Huawei US ban
Image source: xda-developers

It was just a few days ago that Bloomberg reported of the hidden backdoors in Huawei’s equipment which allowed the company to have access to the users home network as well as Vodafone’s Italian fixed-line network. And now at the verge of heated up relationships between the US and the Chinese smartphone maker Huawei, Google revoked Huawei’s Android license as per the US’s government demands.

Why the ban?

The ban came as a development from the US lawmakers and Intelligence unit’s belief that Huawei works in favor of the Chinese government and increasing the risks of cybersecurity and privacy for the US customers. As for now, Google announced that the Google Play and security protection from the Google Play Protect will continue work on existing Huawei devices. Soon after, the company got a temporary license from the US government which allows them to function as necessary to provide service and support, including software updates or patches, to the existing Huawei devices that were made available on or before May 16, 2019. The license is set to expire on August 19, three months from the date of the ban.

This was followed by the other hardware making companies like Intel, Qualcomm, and other chip makers banning Huawei of their license. Most of these companies play a huge role in building a particular product for Huawei. How will they hold up for these? Well, Huawei has reportedly stockpiled many of these chips for them last somewhere between three months to up to a year.

Will they lift the ban?

But what happens after they run out of stocks? The Chinese company ZTE had a similar experience with the US government. ZTE was banned for three months of all the support from Google and other hardware component makers. However, Trump lifted the ban after three months considering the number of people who would lose their jobs. Well, if that’s the case, Huawei also holds quite a huge number of employees in the US. Didn’t the US government think of this? If they did, they are more likely to lift the ban for the sake of the employees.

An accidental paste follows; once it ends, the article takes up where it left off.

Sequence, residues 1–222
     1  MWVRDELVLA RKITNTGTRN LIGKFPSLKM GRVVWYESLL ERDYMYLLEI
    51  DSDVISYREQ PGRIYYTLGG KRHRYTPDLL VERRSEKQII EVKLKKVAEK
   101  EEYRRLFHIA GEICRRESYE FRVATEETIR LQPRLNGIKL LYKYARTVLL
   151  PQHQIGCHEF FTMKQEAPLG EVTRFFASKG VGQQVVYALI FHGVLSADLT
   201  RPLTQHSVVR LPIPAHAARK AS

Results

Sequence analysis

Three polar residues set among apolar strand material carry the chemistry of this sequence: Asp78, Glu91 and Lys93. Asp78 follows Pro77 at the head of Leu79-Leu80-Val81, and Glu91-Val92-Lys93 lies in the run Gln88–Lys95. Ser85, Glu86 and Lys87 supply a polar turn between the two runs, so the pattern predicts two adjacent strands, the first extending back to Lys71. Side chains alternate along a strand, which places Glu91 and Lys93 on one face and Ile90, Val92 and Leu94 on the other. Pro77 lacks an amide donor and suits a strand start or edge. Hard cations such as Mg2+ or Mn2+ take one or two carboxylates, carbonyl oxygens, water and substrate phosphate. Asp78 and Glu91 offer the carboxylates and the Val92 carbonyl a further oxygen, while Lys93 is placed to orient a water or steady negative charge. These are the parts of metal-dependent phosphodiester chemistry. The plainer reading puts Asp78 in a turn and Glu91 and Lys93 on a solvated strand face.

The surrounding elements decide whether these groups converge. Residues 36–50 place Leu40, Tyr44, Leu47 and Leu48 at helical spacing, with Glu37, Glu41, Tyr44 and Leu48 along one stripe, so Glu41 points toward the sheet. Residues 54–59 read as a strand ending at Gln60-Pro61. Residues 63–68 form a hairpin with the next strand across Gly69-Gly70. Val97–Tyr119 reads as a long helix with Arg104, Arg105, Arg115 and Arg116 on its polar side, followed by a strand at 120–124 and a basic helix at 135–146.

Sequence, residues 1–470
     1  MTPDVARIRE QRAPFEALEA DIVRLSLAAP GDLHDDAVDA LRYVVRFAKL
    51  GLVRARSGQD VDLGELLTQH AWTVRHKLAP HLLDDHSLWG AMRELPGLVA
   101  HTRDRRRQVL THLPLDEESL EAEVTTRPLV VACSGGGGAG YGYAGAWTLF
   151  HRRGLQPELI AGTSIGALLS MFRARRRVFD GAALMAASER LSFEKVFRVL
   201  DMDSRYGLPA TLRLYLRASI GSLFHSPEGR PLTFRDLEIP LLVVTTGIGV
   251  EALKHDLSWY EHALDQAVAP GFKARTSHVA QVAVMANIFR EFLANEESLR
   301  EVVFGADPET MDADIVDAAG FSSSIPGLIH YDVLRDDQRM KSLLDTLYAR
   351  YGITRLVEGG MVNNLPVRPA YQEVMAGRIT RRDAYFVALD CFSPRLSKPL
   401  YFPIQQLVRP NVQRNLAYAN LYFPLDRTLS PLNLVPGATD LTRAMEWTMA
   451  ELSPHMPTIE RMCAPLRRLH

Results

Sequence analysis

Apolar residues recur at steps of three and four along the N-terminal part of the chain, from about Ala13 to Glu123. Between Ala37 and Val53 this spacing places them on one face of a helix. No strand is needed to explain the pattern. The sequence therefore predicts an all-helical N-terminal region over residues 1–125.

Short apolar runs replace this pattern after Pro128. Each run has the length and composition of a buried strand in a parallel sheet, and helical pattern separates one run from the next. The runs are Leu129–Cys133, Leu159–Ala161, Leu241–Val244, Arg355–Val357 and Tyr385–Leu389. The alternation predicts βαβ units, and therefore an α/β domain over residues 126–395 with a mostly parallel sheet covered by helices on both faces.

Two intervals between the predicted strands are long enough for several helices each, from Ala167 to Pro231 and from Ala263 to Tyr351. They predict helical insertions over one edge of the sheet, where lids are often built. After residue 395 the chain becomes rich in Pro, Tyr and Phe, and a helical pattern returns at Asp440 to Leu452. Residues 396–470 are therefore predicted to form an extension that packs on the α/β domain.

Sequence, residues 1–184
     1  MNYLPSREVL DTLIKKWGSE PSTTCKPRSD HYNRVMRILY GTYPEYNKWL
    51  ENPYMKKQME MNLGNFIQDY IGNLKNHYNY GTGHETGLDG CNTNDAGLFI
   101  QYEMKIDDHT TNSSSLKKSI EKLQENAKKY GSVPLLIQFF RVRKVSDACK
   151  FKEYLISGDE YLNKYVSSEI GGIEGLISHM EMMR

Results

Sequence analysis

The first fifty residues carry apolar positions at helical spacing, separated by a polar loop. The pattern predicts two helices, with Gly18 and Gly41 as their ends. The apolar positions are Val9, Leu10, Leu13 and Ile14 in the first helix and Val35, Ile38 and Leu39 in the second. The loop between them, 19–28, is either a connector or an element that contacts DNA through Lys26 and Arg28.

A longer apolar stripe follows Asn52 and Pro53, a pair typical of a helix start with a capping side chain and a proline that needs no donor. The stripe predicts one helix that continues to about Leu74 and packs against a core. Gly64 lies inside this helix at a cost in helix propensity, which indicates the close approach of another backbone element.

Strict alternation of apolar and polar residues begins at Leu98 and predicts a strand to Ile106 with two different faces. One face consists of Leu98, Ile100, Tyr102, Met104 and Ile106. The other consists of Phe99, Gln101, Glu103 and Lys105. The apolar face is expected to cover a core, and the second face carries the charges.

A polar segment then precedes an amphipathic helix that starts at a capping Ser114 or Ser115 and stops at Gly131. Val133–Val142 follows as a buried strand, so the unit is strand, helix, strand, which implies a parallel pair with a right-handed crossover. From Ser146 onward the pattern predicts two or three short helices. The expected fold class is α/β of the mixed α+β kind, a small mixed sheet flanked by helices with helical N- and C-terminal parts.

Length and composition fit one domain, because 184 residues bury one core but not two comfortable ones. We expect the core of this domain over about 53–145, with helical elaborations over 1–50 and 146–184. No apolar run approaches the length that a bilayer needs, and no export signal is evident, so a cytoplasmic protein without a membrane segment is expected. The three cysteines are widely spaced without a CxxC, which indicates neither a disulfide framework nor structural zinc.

Huawei’s promise

Following the ban from Google, Huawei responded that they will surely continue to provide security updates and after-sales service to all the existing users of Huawei smartphones including the users of their sub-brand HONOR. The same is applied for the currently sold devices and until the stocks last.

Huawei’s founder Ren Zhengfei also backed these companies that they’ve contributed a lot in the company’s growth and he firmly believes that these companies are trying to lift the ban by persuading the US government. He always went on saying that the temporary license issued by the US government won’t make much of a difference because of the company’s already existing contingency plan.

Ren also assured that these current trade restrictions won’t affect the Huawei’s 5G rollout and said that the other companies won’t be able to catch up with them for another two to three years in this development. If yes, maybe this is one another thing the US government should keep an eye on.

The Contingency plan